The point to my long-winded post is that we simply do not know, not all the time, why someone does the things they do. That is, unless money is involved, and then pinpointing their motivations becomes a tad easier. Of course, some folks just want to cheat for the sake of cheating. Some of them actually enjoy maliciously taking the hard-earned points of others, and watching them become upset over it. Some folks want a big rating and they don’t care how they get it, and other people actually want to get caught, for one reason or another. Nothing is ever as it seems – trust me on that one.
I feel very strongly about cheating and chess. I loathe a cheater, and will never do so myself. Never have I, and never will I, cheat in a game of chess. You might find me with an ace up my sleeve at a family poker game, for kicks and giggles, but I’ll never shortchange the most beautiful game to ever grace the rock we call Earth. That you can bet on. Also, I will continue to bust players on the Internet who use software assistance, for as long as I’m able to spot their cheating asses. Will it solve anything? Nope. Cheating is here to stay, but I can play a small role in the prevention of it, maybe, and that’s what we all should do.
Here are some broad, very general tips on things to watch out for if you suspect your opponent is cheating on your favorite chess playing site:
1. big slow-game rating, tiny bullet or blitz rating. Not always a dead giveaway, but definitely an arrow pointing in that direction. Normal variations are 300 points or less. So, a 1500 bullet player with a standard rating of 1800 isn’t necessarily cause for alarm. However, an 1100 touting a 2300 standard rating should be looked into. Quickly. There are always exceptions. I see titled players regularly on the ICC with 1300 bullet ratings. Some people just don’t think that quickly, or operate well under time pressure. Needless to say, if that IM had more than 1-minute, he’d likely be able to outplay his opponents, and badly.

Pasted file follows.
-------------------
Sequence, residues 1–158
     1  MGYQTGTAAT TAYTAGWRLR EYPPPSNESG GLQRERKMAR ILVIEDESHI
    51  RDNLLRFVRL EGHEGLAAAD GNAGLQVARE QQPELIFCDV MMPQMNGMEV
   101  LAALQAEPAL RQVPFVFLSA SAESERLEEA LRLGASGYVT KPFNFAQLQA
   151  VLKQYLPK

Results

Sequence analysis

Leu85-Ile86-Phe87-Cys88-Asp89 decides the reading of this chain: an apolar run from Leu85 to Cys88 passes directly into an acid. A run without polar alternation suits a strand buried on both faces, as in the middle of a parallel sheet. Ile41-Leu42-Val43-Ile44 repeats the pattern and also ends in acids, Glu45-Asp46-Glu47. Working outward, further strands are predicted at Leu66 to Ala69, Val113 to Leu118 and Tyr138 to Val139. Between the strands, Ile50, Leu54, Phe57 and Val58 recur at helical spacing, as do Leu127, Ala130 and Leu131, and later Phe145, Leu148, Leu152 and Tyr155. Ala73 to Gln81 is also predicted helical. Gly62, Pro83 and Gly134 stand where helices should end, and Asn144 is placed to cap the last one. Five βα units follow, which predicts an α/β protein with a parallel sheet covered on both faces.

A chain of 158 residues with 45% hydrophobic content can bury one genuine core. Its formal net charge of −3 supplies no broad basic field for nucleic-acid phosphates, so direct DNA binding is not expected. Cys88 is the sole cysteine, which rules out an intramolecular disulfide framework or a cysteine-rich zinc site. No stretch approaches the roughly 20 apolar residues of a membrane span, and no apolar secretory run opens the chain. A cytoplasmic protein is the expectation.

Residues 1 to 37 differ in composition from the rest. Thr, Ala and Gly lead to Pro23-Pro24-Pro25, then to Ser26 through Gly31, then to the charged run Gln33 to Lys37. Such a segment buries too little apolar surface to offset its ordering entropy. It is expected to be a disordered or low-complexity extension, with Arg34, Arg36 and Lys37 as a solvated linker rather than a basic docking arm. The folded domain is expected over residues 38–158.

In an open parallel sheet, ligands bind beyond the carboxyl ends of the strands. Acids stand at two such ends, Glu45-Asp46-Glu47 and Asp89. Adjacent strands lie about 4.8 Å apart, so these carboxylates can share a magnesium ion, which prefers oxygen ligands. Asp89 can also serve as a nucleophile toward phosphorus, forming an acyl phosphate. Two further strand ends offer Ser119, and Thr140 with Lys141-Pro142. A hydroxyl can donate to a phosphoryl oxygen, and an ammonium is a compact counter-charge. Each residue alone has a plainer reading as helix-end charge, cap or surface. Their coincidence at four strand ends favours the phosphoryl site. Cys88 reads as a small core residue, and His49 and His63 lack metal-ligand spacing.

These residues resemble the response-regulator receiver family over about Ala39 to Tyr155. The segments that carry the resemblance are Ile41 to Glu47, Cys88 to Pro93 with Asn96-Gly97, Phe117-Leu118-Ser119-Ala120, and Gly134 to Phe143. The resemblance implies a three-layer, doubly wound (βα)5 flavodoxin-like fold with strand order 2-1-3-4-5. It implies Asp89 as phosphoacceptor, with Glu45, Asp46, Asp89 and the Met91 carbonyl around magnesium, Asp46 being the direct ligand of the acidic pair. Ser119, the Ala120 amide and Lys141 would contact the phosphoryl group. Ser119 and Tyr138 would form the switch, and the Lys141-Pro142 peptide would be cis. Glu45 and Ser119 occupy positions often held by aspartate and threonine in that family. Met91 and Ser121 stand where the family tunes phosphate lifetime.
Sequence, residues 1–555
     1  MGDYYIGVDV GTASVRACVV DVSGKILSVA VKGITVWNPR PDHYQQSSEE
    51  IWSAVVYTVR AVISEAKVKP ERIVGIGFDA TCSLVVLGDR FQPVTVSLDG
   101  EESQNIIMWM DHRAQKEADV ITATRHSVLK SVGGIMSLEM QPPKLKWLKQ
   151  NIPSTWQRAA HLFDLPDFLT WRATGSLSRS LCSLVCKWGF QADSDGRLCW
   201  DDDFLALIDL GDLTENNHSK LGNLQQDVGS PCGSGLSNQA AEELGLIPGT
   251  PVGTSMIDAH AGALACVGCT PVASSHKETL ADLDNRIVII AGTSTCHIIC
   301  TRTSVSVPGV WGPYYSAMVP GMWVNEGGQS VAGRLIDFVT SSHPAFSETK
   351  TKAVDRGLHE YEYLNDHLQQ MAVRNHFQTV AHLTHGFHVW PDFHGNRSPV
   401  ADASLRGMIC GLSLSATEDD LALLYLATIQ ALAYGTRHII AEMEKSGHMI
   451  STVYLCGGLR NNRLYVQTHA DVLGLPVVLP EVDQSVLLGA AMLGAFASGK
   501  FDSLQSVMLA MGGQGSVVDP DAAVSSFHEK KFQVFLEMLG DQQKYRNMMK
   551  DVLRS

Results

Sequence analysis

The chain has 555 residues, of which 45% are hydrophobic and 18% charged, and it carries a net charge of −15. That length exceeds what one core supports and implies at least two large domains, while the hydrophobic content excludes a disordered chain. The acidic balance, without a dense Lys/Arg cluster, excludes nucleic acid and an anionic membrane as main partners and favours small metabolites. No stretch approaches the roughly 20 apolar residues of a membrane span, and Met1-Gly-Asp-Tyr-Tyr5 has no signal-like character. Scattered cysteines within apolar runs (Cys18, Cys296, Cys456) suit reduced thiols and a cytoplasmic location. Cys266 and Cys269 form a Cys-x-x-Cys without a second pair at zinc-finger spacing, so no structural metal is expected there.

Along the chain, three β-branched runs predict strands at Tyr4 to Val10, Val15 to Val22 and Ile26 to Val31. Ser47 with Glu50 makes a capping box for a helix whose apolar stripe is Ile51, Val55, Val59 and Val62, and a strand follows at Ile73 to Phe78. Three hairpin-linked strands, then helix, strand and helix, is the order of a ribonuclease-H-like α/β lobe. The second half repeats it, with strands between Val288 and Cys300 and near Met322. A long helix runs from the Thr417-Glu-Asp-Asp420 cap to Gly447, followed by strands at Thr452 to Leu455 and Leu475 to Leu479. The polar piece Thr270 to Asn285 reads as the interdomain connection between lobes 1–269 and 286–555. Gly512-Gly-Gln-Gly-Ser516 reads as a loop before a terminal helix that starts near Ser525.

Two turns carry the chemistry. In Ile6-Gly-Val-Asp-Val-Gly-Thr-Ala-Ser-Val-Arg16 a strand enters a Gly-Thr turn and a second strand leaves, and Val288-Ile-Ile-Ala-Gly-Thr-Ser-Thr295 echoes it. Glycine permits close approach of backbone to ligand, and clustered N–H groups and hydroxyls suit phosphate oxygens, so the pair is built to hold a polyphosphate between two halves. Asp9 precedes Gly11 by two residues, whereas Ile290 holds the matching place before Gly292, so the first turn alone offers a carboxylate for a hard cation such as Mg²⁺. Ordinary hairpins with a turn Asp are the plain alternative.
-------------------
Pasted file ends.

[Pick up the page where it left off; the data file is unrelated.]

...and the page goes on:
2. odd king shifts, when there doesn’t appear to be any attack on it. Engines love odd king shifts. For instance, if the engine wants to prepare, as white, for an f4 shove but sees that a queen or bishop could come out and harass it with a check, it may move its king to h1, just in case, whereas very few 1600 players on the Net are going to see that and prepare so thoroughly. Most players attack, not pre-defend. Watch those odd king shifts.
3. really strong, out of place looking pawn pushes, *especially* if they are sacrifices. Now, I’m not one to bad-mouth any chess player, as I feel we are all a part of a very cool thing, but really, what 1300 is going to sacrifice their d-pawn to make clearance for a brutal N outpost? Very, very few. An engine will, though. You betcha. Watch for really super slick pawn pushes, particularly in the middle and end game.
4. finally, and this one is very loose, watch for kingside pawn storms, especially when both players have castled on the same side. The reason being that an engine, even a weak one, will be able to see accurately over ten moves deep, and know if it’s safe to start shoving g and h pawns down its opponent’s throat. We as human players, however, have been (mostly) conditioned to *not* push pawns that are in front of our kings. It doesn’t feel natural, it feels risky and uncomfortable. Now, a real-life Expert or above player will surely launch pawn storms, but a 1400 isn’t going to if he or she wants to survive. Like I said, it’s a semi-weak sign but a sign nonetheless.
There are a ton of other things, but entire seminars can and are held on the subject of chess cheating. I feel that no matter what your motivations, if you cheat at a chess game, it says something about you as a person. If you’ll steal a dime, you’ll steal a quarter, type thing. Likely, there are other issues in that person’s life that will lead them to cheating at a chess game.
One of the best ways to keep the game of chess honest is just not to cheat. Don’t do it, under any circumstances, even if it’s a friendly sparring match with a good friend. Play the game, or else it starts to play you, and what fun is that? There is no “good feeling” or sense of accomplishment when we defeat a player using an engine. There just isn’t. As chess players, we win and lose and draw. That’s just the way it is. In order to truly improve however, we have to obey the rules. Nothing is gained by cheating, not in chess and not in anything else.